“You can watch the deputy minister talk to the detainees, but if you try to talk to any of them, you would be thrown out right away. And please, do not tape any of the conversation.” We had to leave our tape recorders and mobile phones at the front counter.

Credit had to be given to Datuk Noh on that day, because although he was civil to the detainees, he was bombarded with questions on why they were still inside, their worries about their families, and their many claims of innocence.

A couple of the detainees cried spontaneously when talking about the plight of their families outside. Many of the inmates then were being detained due to alleged links to the JI, while others were alleged gangsters from the Borneo states.

One of the detainees, seeing the reporters, accused the deputy minister of using the visit to “seek political mileage”.

“Don’t use us as political tools and visit us as if we are animals in the zoo,” he said.

There were no famous faces inside then, except for Nik Abduh Nik Aziz, a son of the Parti Islam SeMalaysia spiritual leader, Nik Aziz Nik Mat. He was held due to alleged links with JI, and did not say anything at all. Nik Abduh has since been released.

As for Raja Petra, he is not the most famous person to have passed through those infamous gates. Those gates are the only ones that the public can see on a drive there, unless he or she is allowed inside to see a family member. And even inside, unlike the journalists in 2004, most family members are restricted to a meeting area.

In Malaysia, being jailed under the ISA has, rightly or wrongly, come be to taken as a badge of honour. It is as if the time spent under detention shows that ‘My struggle was so intense that to stop me, the government had to put me behind bars without trial’.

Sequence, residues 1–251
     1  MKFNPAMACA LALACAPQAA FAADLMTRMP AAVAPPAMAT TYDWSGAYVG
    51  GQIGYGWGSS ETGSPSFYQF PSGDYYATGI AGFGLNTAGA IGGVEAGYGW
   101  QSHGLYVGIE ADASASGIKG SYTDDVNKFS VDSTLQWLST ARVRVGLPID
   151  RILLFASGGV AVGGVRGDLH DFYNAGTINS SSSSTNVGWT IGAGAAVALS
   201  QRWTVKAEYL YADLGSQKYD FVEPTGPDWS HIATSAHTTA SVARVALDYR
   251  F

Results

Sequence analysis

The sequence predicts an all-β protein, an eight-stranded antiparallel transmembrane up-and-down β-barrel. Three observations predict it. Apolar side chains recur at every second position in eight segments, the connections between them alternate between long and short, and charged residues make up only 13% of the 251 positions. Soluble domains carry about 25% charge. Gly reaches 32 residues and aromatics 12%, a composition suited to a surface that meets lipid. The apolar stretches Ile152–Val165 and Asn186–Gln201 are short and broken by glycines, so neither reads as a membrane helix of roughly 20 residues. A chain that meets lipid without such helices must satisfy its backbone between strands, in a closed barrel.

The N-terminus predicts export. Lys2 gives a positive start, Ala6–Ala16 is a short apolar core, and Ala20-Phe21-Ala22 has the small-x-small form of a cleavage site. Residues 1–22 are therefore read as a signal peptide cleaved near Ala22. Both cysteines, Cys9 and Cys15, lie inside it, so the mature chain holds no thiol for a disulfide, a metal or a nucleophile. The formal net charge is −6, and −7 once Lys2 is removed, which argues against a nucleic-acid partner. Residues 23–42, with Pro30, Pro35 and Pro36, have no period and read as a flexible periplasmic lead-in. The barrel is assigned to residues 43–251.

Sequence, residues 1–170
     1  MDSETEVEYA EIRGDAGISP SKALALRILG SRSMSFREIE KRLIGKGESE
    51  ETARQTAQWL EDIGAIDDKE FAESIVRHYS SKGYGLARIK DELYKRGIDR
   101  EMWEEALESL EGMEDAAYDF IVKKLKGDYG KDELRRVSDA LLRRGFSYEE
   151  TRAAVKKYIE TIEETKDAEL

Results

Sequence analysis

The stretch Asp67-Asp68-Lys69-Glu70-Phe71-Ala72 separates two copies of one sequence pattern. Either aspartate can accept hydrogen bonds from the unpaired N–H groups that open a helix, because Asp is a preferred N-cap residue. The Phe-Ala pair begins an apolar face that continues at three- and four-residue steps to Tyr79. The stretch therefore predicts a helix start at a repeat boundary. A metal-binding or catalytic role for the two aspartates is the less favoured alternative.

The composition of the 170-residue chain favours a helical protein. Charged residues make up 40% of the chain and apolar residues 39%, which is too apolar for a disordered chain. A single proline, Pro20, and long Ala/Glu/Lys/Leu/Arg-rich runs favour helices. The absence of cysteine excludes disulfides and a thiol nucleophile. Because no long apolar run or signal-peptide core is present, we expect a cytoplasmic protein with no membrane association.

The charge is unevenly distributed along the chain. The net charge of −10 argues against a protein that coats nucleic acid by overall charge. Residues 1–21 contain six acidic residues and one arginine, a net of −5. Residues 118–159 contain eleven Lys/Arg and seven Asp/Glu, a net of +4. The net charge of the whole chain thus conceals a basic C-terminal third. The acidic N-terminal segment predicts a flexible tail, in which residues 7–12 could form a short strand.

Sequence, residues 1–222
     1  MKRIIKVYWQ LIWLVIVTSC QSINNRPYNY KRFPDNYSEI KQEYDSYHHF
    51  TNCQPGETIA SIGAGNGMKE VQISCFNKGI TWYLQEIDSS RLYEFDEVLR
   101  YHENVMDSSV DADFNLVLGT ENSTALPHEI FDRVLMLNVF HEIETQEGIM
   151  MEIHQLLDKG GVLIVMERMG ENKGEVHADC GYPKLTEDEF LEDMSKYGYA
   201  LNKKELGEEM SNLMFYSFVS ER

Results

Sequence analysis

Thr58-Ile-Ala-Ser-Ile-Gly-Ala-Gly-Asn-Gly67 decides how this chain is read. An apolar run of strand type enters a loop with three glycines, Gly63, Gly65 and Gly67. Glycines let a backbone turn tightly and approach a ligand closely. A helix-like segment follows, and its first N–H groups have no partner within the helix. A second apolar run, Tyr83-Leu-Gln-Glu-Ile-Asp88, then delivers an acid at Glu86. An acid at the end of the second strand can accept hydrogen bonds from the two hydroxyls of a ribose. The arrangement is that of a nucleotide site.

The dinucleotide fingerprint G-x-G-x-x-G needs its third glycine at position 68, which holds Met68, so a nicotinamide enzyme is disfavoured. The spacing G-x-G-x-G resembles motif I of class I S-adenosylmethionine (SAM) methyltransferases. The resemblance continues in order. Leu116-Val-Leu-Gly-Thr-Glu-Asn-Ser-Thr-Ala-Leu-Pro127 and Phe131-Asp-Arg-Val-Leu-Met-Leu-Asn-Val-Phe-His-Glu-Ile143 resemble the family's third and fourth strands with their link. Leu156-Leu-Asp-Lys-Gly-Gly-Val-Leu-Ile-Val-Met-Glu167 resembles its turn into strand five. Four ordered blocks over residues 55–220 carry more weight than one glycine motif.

Among those who have been detained under the ISA are opposition veterans Lim Kit Siang and Karpal Singh, Parti Keadilan Rakyat chiefs Anwar Ibrahim and Azmin Ali, PAS vice president Mohamed Sabu, former deputy minister Ibrahim Ali, current defacto Islamic Affairs Minister Zahim Hamidi, rights campaigner Irene Xavier and academic Chandra Muzaffar.

The list is far from comprehensive as it includes lawyers, Chinese educationists, social activists and yet more politicians. A group of ex-inmates are fighting to get the ISA laws totally dropped. They are known by their Malay acronym GAM, or Gerakan Mansukan ISA (Abolish ISA Movement).

After the arrests of Raja Petra, opposition MP Teresa Kok and Sin Chew Daily journalist Tan Hoon Cheng, rights groups and NGOs have again banded together to the ISA repealed. It is not clear what will happen next, but most of those released from the camp were not cowed, but became fierce fighters against the security laws. – Reme Ahmad